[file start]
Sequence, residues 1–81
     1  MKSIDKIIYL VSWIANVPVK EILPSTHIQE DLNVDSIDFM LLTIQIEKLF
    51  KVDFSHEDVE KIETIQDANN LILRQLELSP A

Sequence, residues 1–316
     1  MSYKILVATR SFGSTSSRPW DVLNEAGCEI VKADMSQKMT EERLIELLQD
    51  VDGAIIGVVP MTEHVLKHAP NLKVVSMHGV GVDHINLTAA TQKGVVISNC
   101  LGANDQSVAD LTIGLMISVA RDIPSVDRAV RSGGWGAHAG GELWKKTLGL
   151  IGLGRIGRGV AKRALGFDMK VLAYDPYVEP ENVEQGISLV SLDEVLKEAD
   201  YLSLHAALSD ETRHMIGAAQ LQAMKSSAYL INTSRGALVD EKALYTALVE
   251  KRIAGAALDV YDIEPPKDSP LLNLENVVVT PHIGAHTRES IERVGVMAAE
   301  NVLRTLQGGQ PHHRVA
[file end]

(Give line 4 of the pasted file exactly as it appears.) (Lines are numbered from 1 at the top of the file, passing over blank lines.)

Sequence, residues 1–316